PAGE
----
The plan so far is that you use the flag sounds in the order they appear in the symbol, and drop the "ai" or "ao" diphthong from all but the last. The diphthong is just the overall direction of the symbol. If the flags are on opposite sides of the shaft you put a short "a" between them. So would actually be "satai". Only if they are on the same side do you blend them if possible, otherwise you put an unspelled schwa between them. If they are two of the same flag (which will necessarily be on the same side of the shaft) then the plan is to replace the second occurrence with an "h". Conveniently the only such combinations are "pp" -> "ph", "ss" -> "sh" and "kk" -> "kh".

I'm sorry I haven't put up all the Sagittal glyphs as smilies yet. Only the Spartan single-shafts will ever appear beside the edit window, but you can see which others I have included so far, by clicking "View more smilies". However, if you continue to spell them as their long-ASCII form surrounded by colons they will eventually get turned into the proper symbols, and in the meantime we can see what you mean anyway. I note that the smilies are religious about using exclamation ! for a down shaft and vertical bar | for an up shaft. You can't get away with :\|/:.
I would perhaps suggest /h/ for since it's a light sound, a small adjustment, and it looks like an h. Just a suggestion.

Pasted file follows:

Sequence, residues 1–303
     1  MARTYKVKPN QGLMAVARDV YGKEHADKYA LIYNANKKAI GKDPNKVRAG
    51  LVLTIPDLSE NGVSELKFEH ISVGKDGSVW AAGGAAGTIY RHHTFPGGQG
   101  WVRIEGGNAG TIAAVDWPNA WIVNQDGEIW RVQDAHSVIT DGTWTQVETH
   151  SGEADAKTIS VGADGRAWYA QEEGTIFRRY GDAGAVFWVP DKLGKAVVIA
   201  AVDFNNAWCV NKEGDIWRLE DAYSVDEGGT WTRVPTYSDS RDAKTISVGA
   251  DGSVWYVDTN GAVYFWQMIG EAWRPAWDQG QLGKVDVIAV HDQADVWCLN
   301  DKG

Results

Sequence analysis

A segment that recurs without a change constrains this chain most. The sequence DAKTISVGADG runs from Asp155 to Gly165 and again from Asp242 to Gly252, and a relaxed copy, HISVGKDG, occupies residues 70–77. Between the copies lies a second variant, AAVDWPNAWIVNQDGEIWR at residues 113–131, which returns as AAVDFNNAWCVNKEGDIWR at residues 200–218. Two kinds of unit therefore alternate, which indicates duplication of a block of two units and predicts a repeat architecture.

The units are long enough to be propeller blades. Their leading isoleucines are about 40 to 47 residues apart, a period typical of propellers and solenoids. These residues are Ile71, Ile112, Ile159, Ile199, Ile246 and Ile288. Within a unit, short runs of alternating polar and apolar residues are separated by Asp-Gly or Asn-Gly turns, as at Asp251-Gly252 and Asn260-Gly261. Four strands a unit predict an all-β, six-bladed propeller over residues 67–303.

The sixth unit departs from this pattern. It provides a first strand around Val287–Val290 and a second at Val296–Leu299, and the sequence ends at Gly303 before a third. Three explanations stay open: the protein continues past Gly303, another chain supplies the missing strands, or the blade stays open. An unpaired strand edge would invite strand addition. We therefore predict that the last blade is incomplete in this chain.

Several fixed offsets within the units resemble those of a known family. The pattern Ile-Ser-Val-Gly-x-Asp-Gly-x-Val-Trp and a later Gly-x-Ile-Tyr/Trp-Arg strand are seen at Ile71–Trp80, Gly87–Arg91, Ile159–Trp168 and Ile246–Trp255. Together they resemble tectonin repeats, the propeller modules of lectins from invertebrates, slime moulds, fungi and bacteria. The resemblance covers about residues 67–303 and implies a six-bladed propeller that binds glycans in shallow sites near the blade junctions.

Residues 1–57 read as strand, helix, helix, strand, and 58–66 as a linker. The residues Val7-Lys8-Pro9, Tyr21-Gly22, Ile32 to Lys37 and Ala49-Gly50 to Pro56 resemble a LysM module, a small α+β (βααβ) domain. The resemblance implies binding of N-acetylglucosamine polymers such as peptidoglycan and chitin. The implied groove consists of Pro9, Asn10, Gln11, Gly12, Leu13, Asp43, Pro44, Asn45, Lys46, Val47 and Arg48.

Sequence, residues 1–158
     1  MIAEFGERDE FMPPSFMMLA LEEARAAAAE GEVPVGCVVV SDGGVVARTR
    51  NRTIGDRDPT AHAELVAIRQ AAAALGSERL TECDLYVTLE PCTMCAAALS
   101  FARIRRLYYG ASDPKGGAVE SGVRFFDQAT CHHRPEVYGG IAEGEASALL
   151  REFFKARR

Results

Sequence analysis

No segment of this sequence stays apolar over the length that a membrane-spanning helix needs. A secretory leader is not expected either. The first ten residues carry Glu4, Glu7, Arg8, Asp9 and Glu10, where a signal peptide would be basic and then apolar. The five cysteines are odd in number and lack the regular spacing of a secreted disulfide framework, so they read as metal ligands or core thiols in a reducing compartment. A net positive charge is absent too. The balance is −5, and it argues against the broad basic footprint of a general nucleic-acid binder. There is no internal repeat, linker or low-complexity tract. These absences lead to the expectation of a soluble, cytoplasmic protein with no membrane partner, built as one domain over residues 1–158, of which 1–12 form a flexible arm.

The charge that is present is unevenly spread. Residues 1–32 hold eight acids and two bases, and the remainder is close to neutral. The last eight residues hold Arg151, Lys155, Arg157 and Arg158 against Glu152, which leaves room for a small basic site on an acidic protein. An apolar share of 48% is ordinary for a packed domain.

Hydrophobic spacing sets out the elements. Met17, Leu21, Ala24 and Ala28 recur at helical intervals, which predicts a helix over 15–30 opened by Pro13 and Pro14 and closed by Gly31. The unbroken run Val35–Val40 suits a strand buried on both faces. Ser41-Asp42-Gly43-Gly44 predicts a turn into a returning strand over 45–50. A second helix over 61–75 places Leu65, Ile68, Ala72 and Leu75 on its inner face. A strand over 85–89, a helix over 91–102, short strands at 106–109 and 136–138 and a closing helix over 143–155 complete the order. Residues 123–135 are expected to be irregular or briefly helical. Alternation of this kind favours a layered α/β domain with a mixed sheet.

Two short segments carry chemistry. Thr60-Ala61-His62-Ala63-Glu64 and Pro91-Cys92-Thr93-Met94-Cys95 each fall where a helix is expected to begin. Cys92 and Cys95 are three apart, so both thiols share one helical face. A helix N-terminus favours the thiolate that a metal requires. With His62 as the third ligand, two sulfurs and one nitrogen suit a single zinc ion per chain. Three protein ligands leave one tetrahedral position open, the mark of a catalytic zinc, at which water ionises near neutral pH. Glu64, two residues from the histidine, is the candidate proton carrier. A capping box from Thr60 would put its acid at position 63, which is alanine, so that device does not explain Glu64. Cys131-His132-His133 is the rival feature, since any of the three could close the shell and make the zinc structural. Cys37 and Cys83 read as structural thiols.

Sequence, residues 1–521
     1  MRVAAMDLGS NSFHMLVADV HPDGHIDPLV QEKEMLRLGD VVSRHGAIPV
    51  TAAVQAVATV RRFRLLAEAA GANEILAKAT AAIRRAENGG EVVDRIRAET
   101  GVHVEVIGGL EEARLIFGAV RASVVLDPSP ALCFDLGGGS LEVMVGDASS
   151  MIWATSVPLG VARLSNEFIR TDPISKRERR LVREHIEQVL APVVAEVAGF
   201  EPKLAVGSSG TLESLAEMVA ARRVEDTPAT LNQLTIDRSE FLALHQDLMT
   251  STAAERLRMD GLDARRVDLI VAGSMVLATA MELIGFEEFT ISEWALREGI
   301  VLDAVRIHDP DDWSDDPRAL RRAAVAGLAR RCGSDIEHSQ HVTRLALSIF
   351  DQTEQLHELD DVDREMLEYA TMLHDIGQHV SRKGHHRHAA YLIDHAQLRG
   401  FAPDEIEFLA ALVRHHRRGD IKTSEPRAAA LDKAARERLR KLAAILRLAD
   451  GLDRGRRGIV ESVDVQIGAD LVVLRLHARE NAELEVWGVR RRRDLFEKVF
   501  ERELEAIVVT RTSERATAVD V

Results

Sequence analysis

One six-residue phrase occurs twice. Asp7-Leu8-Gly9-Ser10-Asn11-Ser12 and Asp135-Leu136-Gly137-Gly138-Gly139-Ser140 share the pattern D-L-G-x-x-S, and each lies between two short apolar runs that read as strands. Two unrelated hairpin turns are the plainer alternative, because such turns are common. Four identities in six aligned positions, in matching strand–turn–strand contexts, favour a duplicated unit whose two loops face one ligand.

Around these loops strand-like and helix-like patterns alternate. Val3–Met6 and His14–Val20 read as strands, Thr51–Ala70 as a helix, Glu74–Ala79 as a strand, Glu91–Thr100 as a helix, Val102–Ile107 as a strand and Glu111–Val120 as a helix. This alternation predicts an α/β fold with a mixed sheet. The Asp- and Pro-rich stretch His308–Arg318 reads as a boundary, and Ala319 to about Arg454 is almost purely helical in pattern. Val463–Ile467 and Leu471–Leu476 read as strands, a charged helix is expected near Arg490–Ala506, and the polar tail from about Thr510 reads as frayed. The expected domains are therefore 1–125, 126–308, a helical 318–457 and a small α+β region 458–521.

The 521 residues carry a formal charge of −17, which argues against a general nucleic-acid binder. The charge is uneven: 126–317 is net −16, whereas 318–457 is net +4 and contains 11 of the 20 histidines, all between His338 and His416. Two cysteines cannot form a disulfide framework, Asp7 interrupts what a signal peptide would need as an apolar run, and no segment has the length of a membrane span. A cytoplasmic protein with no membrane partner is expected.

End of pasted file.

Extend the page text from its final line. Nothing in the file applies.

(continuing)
That's one I championed for some time too. But George convinced me that it was more important to preserve the alternative pronunciation for "j", and the digraph spelling of the double-same-flags. And I think an initial "h" is silent in some languages. It is silent in some dialects of English. So George convinced me to accept "n" for , which is like the symbol with (most of) it's shaft missing, as are some other short-ASCII characters for Sagittals.
Though, scrolling over the symbols I noticed just now all have short names, so have these already actually been decided?
Nothing is set in stone at this stage. The forum software required me to give them some name. I'd be pleased if you would ignore them. I'd be happy to see what you can come up with independently. Although some of the things George has come up with so far seemed so good I couldn't help mentioning them as I have.

Dave Keenan
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### Re: "Sagispeak"